“Fundamentals, Panics, and Bank Distress During the Depression”Coauthor(s): Joseph Mason.
Editors: Franklin Allen and Douglas Gale
We assemble bank-level and other data for Fed member banks to model determinants of bank failure. Fundamentals explain bank failure risk well. The first two Friedman-Schwartz crises are not associated with positive unexplained residual failure risk, or increased importance of bank illiquidity for forecasting failure. The third Friedman-Schwartz crisis is more ambiguous, but increased residual failure risk is small in the aggregate. The final crisis (early 1933) saw a large unexplained increase in bank failure risk. Local contagion and illiquidity may have played a role in pre-1933 bank failures, even though those effects were not large in their aggregate impact.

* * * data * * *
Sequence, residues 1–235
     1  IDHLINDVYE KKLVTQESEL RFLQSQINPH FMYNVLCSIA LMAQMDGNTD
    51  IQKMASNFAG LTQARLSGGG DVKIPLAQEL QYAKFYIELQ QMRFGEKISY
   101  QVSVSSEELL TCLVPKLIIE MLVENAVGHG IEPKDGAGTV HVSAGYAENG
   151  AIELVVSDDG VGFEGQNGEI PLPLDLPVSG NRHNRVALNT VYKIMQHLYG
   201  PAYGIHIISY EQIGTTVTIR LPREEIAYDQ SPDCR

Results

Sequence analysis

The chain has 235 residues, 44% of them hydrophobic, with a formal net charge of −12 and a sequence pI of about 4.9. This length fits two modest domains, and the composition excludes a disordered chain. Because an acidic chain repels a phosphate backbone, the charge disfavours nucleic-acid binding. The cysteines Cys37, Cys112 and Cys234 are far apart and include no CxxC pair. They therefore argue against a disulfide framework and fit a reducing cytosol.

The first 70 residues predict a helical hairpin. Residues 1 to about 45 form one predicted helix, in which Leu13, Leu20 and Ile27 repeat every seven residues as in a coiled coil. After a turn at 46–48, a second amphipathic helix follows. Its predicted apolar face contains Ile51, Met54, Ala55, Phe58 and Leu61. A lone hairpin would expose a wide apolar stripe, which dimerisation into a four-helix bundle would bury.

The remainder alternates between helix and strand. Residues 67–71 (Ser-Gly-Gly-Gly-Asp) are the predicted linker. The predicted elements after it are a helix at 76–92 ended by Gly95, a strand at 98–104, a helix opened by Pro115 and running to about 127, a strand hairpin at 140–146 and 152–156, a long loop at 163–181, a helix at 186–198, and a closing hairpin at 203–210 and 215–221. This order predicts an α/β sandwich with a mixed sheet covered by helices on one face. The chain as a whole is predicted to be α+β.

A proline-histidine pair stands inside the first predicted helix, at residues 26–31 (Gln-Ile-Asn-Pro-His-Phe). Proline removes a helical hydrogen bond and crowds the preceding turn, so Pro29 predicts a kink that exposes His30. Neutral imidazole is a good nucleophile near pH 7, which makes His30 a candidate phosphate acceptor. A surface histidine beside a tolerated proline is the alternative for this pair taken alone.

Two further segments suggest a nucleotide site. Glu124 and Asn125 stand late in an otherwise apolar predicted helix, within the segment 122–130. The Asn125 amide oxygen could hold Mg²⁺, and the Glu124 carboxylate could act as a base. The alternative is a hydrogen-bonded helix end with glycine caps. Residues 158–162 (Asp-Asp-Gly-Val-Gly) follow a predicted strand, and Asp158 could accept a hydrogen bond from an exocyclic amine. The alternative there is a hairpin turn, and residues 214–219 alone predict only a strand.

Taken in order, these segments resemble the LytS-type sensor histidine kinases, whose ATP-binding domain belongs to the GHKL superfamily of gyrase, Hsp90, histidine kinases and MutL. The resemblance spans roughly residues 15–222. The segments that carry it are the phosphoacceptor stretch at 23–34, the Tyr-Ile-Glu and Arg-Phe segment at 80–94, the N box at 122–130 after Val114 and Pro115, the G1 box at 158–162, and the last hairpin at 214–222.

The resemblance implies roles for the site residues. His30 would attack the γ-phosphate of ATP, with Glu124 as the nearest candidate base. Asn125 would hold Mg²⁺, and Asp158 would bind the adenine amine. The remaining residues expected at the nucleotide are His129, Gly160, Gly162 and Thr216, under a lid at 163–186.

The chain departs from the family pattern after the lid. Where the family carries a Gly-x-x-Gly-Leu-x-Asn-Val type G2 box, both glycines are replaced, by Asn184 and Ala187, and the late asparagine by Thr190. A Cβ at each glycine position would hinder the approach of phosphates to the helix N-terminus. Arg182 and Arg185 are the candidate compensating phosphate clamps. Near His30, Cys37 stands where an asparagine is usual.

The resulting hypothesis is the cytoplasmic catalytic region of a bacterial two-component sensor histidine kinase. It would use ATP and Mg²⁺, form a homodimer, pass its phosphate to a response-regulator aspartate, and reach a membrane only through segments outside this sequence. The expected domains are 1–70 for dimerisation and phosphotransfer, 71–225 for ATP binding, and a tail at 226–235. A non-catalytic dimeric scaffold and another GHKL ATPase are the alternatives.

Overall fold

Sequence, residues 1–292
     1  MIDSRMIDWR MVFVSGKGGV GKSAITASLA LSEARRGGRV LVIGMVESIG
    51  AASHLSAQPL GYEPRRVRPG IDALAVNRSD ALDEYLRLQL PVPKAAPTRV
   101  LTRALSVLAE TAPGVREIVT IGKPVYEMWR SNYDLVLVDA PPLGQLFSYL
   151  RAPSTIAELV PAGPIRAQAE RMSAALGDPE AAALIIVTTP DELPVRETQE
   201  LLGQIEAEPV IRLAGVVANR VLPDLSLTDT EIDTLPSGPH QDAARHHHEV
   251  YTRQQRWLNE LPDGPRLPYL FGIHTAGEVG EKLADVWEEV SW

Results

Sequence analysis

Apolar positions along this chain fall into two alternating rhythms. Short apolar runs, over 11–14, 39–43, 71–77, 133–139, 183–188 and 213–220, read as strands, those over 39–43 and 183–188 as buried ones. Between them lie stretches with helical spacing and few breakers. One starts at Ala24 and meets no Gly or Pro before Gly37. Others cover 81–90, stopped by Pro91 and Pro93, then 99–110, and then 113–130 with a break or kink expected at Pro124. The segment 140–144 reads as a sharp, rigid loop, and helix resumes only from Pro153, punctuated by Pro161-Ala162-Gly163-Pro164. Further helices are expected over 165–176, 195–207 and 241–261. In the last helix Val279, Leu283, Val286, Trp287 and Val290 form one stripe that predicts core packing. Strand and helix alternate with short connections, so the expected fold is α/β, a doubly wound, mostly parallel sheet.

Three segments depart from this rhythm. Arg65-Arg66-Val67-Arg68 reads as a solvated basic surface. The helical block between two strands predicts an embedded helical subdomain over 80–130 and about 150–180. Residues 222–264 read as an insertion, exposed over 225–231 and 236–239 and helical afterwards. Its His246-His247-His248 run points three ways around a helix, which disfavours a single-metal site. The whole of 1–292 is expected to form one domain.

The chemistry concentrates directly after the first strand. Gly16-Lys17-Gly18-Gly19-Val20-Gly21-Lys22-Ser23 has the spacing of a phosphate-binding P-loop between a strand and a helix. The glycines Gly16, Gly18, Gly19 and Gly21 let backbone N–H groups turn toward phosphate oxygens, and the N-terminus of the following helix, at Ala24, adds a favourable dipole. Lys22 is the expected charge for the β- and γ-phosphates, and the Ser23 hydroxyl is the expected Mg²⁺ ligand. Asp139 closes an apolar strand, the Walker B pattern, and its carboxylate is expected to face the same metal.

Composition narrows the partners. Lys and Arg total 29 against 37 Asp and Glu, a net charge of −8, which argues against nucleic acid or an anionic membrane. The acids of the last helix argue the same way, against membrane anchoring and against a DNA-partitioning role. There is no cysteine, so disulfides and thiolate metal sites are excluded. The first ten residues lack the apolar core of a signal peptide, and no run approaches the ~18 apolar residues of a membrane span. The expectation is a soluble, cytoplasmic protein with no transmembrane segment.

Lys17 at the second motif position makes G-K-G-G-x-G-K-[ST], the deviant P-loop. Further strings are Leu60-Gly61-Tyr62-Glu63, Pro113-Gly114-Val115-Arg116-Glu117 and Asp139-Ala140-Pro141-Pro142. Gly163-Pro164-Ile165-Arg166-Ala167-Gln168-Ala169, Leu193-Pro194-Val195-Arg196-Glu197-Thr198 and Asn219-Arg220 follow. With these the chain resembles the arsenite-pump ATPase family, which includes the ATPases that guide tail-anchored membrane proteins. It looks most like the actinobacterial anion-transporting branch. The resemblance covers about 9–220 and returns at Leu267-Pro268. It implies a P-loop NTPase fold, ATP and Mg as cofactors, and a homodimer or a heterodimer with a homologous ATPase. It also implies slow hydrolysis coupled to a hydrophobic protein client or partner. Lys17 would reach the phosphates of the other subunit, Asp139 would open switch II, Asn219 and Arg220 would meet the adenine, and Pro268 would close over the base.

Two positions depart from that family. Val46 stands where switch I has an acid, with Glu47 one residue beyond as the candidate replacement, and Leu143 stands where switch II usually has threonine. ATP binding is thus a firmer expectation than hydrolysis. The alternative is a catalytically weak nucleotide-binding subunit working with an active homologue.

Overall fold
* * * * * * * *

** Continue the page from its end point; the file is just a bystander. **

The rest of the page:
Source: Financial Crises
Calomiris, Charles, and Joseph Mason. "Fundamentals, Panics, and Bank Distress During the Depression." In Financial Crises. Ed. Franklin Allen and Douglas Gale. Cheltenham: Edward Elgar, 2008.